"It's a kind of journey that the viewer is supposed to go on, to follow and find some kind of personal meaning, in themselves, about what this animation is about..." Psychologist

These animations have been developed to help the viewer gain more insight into the experience of social and emotional wellbeing for Aboriginal children and their families. 

The cultural consultants engaged in the project collaborated with the KidsMatter team to “develop the conceptual framework for the animations including the scripting of its themes, sub-themes and key messages in line with the KidsMatter framework. Cultural consultants drew on their own life and professional experiences to contribute deep understandings of social and emotional wellbeing from an Indigenous worldview.” (InPsych, October 2014).

Everyone is different

It is important to note that some of these stories may trigger feelings and other reactions in the viewer, and those reactions will vary from person to person, depending on their culture, background and context. The following scenarios provide some examples of different reactions that may arise after watching one or more of the animations.

Scenario:

Miles is 12 years old. He recently watched “Digby” and wasn’t sure how to feel. He used to go to school with a boy about Digby’s age. The boy was always late to school. Miles had shared lunch with him on several occasions as he often didn’t have any and while Miles was playing with his friends, noticed this boy often sitting by himself. Miles always felt a bit sad and guilty about that boy.

After watching “Digby”, and learning that there was a lot going on at home for Digby, Miles felt sad and regretted that he didn’t do more for the boy who went to his school. 

Miles decided he would speak to his uncle about how he was feeling.

While fishing that afternoon, Miles told his uncle about the animation he’d watched and how it made him feel. His uncle decided to support Miles to talk to an experienced person about his feelings. 

They visited the Aboriginal Liaison Officer who worked at Miles’ school. Miles’ uncle also used some information pamphlets that he collected from the community health service to talk more to Miles about social and emotional wellbeing and how families can support one another to stay safe and healthy.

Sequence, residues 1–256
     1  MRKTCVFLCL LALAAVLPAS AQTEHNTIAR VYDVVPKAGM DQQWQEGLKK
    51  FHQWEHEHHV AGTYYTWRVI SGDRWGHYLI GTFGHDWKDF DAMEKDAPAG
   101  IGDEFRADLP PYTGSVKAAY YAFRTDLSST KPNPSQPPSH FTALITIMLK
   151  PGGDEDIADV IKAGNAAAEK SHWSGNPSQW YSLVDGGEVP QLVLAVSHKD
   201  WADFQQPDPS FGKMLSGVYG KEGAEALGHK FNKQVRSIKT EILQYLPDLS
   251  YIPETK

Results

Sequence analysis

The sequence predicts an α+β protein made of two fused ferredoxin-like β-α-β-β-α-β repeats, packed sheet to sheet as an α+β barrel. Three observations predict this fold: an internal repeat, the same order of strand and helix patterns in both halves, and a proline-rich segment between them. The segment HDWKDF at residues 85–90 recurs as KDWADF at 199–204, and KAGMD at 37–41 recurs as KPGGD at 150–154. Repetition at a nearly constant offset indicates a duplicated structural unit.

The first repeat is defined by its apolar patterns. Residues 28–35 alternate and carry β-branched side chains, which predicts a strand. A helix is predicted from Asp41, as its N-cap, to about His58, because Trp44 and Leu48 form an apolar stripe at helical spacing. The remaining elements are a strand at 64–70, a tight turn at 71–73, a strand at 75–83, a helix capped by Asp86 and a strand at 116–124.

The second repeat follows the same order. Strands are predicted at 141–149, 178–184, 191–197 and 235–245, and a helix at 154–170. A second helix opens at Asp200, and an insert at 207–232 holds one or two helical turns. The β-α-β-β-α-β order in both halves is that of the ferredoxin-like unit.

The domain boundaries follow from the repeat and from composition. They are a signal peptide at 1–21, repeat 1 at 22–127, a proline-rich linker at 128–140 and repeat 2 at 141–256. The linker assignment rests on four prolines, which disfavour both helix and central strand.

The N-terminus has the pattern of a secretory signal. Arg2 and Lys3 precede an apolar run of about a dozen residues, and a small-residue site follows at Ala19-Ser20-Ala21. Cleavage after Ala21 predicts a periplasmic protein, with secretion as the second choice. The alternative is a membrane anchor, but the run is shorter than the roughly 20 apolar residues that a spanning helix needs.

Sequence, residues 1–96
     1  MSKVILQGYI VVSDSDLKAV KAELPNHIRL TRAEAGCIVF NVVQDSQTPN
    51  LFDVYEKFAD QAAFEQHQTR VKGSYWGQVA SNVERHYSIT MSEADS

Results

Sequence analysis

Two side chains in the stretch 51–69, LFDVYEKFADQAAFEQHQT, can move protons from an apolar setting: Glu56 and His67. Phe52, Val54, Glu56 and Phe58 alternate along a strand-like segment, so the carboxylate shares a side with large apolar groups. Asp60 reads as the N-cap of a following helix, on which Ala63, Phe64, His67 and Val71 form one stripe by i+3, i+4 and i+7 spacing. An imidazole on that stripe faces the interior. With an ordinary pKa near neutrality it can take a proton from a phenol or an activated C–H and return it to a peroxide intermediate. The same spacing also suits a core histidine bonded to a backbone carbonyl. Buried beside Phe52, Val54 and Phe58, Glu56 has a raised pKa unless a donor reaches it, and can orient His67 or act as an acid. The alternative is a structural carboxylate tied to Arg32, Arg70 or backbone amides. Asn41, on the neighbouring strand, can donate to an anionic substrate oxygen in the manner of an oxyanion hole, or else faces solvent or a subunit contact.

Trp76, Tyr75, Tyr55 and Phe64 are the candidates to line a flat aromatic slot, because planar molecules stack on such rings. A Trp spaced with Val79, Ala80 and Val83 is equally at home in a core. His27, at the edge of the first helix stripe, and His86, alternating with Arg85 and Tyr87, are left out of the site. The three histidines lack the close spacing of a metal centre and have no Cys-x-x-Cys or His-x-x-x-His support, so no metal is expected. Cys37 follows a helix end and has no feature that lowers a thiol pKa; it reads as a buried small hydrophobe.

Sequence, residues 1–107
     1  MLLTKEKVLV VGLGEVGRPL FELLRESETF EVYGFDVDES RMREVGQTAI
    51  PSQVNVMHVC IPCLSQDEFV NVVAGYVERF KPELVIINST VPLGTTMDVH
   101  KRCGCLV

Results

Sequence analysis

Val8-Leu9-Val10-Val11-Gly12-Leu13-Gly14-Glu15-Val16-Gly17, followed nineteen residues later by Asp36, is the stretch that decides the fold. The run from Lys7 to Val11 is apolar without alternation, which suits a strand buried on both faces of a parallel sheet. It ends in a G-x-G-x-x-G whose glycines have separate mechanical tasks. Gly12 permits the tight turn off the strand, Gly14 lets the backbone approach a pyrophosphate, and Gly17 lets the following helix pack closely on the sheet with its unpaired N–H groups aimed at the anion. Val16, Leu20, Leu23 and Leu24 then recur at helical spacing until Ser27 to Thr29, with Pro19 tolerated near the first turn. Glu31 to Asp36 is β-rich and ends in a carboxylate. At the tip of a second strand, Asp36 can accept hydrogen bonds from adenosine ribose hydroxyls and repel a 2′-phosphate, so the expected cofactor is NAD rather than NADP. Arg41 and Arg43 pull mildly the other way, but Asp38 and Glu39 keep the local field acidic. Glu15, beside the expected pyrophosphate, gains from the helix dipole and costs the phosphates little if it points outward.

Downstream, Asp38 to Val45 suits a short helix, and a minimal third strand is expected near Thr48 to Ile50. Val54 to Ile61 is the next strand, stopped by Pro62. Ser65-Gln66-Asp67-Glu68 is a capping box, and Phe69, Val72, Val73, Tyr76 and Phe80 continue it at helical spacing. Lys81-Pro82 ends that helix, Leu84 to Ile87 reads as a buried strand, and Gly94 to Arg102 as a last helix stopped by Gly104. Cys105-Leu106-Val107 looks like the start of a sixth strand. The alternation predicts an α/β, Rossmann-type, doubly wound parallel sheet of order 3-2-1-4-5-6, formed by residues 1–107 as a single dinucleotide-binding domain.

Scenario:

Jenny is the Wellbeing Co-ordinator at her school. She has organised a professional development session for four of her teaching staff (one Aboriginal Liaison Officer and three non-Aboriginal teachers). In preparation for the session, Jenny consulted the Aboriginal Liaison Officer about using the animations as a tool to explore Aboriginal social and emotional wellbeing. Her intention was to spark conversation about social and emotional wellbeing at school, including how to improve connection to the Aboriginal students and families who attend the school.

After watching the animations focused on resilience, a teacher turned to the Aboriginal Liaison Officer and commented that it must be hard for her. The Aboriginal Liaison Officer explained that her experience has been quite different from the stories depicted in the animations and that, while some of the animations reflected challenges experienced by some Aboriginal people, they did not reflect the stories of all Aboriginal people.

The Aboriginal Liaison Officer commented that after watching the resilience animations, she saw positive stories of hope and strength.

Special viewing considerations

Viewing the animations can trigger feelings and other reactions for viewers who may identify with certain themes or key messages contained within the content. This may be different for each viewer, and may include uncomfortable or distressing feelings such as sadness, anger or guilt, as well as positive feelings such as confidence, pride, connection and hope.

The animations may trigger these emotions for both Aboriginal and non-Aboriginal viewers. While the stories depicted in these videos have been guided by the cultural consultants involved in this project it is important to remember that they do not necessarily reflect the experiences of all Aboriginal people.

After viewing the animations, you may wish to consider the following questions:

  • Who is somebody in your community or education setting you trust and can talk to if you feel affected by any of the content contained in these videos?
  • Who is somebody you feel comfortable talking to if you are unsure how to use or talk sensitively about these animations?
  • What plans does your centre have for those who may experience strong emotions watching these animations?

See also

Aboriginal animations: Guidance resources

Aboriginal animations: About the animations and themes